It is interesting to make the point, as the Minister of State did in her speech, that there are 57 specialties on the medical registers. Section 6 of this Bill places a duty on registered medical practitioners to have an adequate level of indemnity in place to cover his or her class of practice. This must be in place at the time of his or her registration. Section 9 includes a provision that would make the Medical Council unable to register somebody unless he or she has adequate insurance. Section 11 provides for the power to remove somebody who does not have such insurance. Obviously, insurance is otherwise provided in the cases of lecturers and others working in the State system. All of that is provided for in this legislation.

The work of any medical professional within the health service is both challenging and rewarding. It is important that provisions are in place to protect the safety of every patient and to support our medical professionals. The vast majority of our surgeons, doctors and general practitioners operate in a very safe and responsible way. Sadly, there are exceptions for which we have to legislate. This country has a team of excellent medical personnel who are very highly qualified. There is no implicit suggestion that anything other than this is the case. The Government has acknowledged this by making a great investment in the health service. Some €13.19 billion will be invested in the health service in 2013. This represents an increase of €900 million on last year's figure. That is a very important vote of confidence in our health professionals and is a reflection of the importance of health care.

I would like to make a point about primary care, which is germane to this legislation in so far as it relates to doctors, surgeons and specifically general practitioners. Although immense things are being done in this area of health delivery, there is room for more development and more supports here. I am very proud of the new primary health care centres in my constituency. I refer, for example, to the refurbished facility in Kingscourt and to the centres in Bailieborough, Cootehill, Drumalee and Townhall Street in Cavan town and Virginia. This Government has a good record of providing a number of health care centres throughout counties Cavan and Monaghan in the worst of times. While I am happy about that fact, I think we need more. I would like to see a primary health centre in Ballyjamesduff because there is a vital need in that part of my constituency.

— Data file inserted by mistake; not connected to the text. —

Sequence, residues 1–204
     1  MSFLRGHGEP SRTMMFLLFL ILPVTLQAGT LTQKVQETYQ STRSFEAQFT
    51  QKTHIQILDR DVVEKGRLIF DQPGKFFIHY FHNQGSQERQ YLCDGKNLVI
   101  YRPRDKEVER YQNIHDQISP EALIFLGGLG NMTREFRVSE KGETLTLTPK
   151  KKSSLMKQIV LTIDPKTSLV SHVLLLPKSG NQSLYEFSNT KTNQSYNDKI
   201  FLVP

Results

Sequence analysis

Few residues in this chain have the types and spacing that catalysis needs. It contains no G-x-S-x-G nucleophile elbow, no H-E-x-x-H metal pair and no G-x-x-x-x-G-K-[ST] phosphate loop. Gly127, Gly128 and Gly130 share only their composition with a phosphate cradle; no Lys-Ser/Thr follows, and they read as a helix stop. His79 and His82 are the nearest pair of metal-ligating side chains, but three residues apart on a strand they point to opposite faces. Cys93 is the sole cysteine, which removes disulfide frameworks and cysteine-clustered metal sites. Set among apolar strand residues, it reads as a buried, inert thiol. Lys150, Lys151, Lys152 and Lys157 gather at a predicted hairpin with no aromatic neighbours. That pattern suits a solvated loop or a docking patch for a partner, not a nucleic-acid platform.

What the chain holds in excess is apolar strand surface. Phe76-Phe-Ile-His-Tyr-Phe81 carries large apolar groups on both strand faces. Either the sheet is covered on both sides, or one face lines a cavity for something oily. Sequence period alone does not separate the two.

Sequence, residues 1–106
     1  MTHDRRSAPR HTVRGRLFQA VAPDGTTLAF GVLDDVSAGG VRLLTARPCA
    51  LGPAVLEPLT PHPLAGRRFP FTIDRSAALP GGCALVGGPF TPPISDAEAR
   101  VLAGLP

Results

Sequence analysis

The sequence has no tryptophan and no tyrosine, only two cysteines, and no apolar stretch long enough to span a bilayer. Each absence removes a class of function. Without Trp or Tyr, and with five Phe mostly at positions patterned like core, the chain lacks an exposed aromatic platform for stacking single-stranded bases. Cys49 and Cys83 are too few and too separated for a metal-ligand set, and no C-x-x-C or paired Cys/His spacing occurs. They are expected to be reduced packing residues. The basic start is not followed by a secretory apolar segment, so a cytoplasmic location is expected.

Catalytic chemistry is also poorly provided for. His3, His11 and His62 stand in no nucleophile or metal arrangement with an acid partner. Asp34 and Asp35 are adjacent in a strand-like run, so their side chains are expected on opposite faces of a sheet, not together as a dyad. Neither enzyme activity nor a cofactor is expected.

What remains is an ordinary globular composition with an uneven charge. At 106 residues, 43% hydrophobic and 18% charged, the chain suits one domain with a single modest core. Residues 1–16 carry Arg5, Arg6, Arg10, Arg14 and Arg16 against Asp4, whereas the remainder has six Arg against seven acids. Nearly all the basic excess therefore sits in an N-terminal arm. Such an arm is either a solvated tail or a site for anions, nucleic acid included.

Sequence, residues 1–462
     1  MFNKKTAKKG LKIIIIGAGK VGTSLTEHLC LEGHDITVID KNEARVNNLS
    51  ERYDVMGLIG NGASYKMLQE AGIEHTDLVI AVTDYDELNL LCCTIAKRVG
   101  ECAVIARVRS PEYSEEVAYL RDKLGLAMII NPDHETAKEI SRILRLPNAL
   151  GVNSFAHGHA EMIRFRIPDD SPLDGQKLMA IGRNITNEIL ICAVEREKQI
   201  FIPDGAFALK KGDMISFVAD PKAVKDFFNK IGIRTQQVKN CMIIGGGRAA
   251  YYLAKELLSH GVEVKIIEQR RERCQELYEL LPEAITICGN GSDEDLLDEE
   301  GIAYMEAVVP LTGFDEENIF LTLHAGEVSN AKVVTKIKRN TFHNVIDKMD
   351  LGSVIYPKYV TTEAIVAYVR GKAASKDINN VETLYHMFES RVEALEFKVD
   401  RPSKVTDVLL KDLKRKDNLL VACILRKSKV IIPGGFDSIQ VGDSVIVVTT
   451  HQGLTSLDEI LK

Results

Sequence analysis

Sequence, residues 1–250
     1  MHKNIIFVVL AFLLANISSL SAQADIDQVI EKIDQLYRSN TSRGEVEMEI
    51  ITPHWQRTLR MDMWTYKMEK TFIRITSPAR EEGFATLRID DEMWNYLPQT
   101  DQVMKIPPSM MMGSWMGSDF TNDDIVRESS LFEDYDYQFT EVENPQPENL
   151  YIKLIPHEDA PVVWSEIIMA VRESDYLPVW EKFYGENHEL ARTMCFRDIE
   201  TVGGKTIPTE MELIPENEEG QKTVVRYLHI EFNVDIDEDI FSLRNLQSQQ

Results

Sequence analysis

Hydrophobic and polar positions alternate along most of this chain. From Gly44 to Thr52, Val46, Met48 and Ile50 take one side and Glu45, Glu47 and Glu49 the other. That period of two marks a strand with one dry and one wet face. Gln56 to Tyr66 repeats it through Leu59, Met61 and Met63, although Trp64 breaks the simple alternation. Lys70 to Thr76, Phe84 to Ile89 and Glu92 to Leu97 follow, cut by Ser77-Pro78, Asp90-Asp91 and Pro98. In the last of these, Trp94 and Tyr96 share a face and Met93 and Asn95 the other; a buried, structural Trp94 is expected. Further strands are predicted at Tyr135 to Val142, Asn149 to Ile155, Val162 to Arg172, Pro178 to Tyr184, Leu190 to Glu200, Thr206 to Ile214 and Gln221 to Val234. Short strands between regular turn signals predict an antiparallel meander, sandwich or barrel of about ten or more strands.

GPs are of central importance in our primary health centres. We should be very supportive of our GPs in that role. It was great that we reached agreement with the GPs on the progressive reforming legislation that provides GP cards to people under the age of six and over the age of 70. We should work with our GPs in a co-operative manner. We should be sensitive to their needs and fully respectful of their traditions and their work. They provided our primary health centres for generations. Indeed, their services were often provided intergenerationally in families. We should support our GPs practically and proactively in the development of primary care centres. I think we need more public health nurses. As the country starts to be in a position to afford it, we should begin to augment the numbers of such nurses to get better cover there. We need home care assistants. The home care packages are vital as a cost-effective way of keeping people out of institutional care at a low level of cost. They provide meaningful, good and fulfilling jobs for people. They allow people to stay in their own homes and they allow the primary care centres to function. It is very important for this service to be augmented. We need to put more money directly into care assistance and home care packages.

The people on carer's allowance who provide care in their own homes should be feted and very highly valued in our community. The means-testing system that applies to them is relatively benign. We provide a half-rate of carer's allowance to people who are getting a second payment. There are many good aspects to it as it is. We have restored the respite care grants. While all of that is in place, I think more needs to be done. I think all possible secondary benefits, including those that relate particularly to older people, should be applied to carers to make it a very attractive option to be a carer. I think we should increase the rate of carer's allowance constantly, incrementally and annually as the country can afford it.